South London’s All The People have been on HIDDEN HERD‘s radar ever since the cathartic late-night soul of sophomore single ‘Don’t Think’ filled our ears. The trio’s recent release ‘The Hills (Promises)’ followed suit – echoing a plethora of artists, from Disclosure to Massive Attack – but latest track ‘Drum’ sees them tread new ground, unleashing a heavier sound made up of frenetic beats, crashing cymbals and hypnotic refrains. With their debut album ‘R Together’ due for release on 100 Billion Wires in May, we caught up with the purveyors of soulful house to talk about their past, present and future.
‘Drum’ is awesome. How did the song come about?
“Thanks a lot. ‘Drum’ is the first track on the album and quite an unhinged track. The instrumental came together really quickly with me (Ash) and my brother Si clicking on the vibe straight away. It stems from our mum telling us when we were younger not to take shit from anyone. I’ve written as a metaphor from my perspective and used an acronym R.E.A. which is like a private mantra. There’s a nice blend of live over electronic drums and lots of craziness from the Arturia MiniBrute.”
How did All The People get together?
“Simon and I have always played in bands together – punk bands in our teens and then became drum’n’bass DJs The Burbs (on Hospital Records). With All The People, we wanted to be more of a band playing live but with an electronic feel, so drawing on our band and club backgrounds. We’re all from South London – we met Curtis who was keen to get involved as vocalist, he’d been singing in gospel choirs etc. in his youth and we loved his voice.”
What inspired your name?
“Our dad showed us this quote: “music is made by all the people and is for all the people” from Indian classical musician Sufi Inayat Khan and it just resonated with us (Ash and Si’s father is Indian) and not to oversimplify, but it feels like now is a time when people really need to come together to combat some of the recent alarming political developments.”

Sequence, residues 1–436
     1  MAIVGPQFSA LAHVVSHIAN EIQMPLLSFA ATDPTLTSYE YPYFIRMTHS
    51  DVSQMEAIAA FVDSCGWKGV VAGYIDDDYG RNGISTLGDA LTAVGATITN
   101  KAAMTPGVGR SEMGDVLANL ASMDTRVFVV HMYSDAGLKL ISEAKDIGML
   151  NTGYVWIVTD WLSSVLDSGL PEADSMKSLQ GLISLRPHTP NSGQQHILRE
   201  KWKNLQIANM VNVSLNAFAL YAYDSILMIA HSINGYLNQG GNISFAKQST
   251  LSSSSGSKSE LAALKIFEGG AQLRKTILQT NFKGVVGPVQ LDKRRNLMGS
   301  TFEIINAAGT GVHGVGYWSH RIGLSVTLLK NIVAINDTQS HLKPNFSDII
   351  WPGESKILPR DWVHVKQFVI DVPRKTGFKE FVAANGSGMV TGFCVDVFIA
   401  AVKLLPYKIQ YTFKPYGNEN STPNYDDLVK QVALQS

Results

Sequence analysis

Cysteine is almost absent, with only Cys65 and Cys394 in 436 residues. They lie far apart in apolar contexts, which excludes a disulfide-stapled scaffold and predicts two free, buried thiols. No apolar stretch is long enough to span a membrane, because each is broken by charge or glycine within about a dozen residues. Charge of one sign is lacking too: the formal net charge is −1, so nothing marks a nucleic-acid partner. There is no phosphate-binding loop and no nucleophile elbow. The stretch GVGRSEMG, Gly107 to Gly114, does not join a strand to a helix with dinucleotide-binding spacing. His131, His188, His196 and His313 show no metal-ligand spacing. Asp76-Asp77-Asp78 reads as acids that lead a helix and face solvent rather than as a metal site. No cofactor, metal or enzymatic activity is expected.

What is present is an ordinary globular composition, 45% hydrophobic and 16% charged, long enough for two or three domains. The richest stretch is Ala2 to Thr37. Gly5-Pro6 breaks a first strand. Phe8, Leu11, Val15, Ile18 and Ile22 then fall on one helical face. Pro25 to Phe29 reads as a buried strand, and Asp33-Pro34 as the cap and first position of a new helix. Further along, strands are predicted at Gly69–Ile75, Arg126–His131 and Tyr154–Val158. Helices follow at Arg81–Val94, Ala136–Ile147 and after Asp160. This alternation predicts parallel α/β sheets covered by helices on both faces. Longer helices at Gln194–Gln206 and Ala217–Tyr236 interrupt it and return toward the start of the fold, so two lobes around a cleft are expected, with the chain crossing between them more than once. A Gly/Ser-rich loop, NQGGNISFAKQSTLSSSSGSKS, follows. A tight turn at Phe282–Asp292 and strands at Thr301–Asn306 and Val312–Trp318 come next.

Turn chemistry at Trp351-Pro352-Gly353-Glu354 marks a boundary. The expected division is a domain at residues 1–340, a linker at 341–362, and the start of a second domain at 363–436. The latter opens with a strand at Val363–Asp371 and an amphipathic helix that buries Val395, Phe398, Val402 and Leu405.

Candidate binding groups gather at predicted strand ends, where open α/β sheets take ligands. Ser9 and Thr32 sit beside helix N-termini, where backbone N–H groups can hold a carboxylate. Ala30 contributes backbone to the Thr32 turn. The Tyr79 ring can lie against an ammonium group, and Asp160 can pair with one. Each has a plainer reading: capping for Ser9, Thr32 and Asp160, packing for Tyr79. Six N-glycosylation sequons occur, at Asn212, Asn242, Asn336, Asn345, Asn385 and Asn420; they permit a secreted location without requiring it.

Who are the Top 5 biggest influences on your sound right now?
Any other new bands that you’ve played with and would recommend?
“We’ve played with a lot of really cool new acts in last year or so, but have to say our favourites are Awate, a really talented rapper from London who has actually joined us onstage for a track at a couple of gigs with Dub Pistols which worked really well, Blue Lab Beats – two incredibly talented really young guys killing it in the jazz scene at the moment – and ArA a great singer out of the Roundhouse camp and KIOKO, a really talented young reggae band from Birmingham.”
And finally, what does 2017 hold for All The People?
“It’s all really busy at the moment. We have a couple of new tracks coming out in next two months with a couple of amazing singers – Nadia Nair and one with Kathrin De Boer from Belleruche. They lead into our debut album (released in May) and some gigs and festivals lined up for the summer. We’ve been writing a lot in the last few months too and have an EPs worth of new music to follow the album. We’re also doing some more collabs and writing for a few other people.”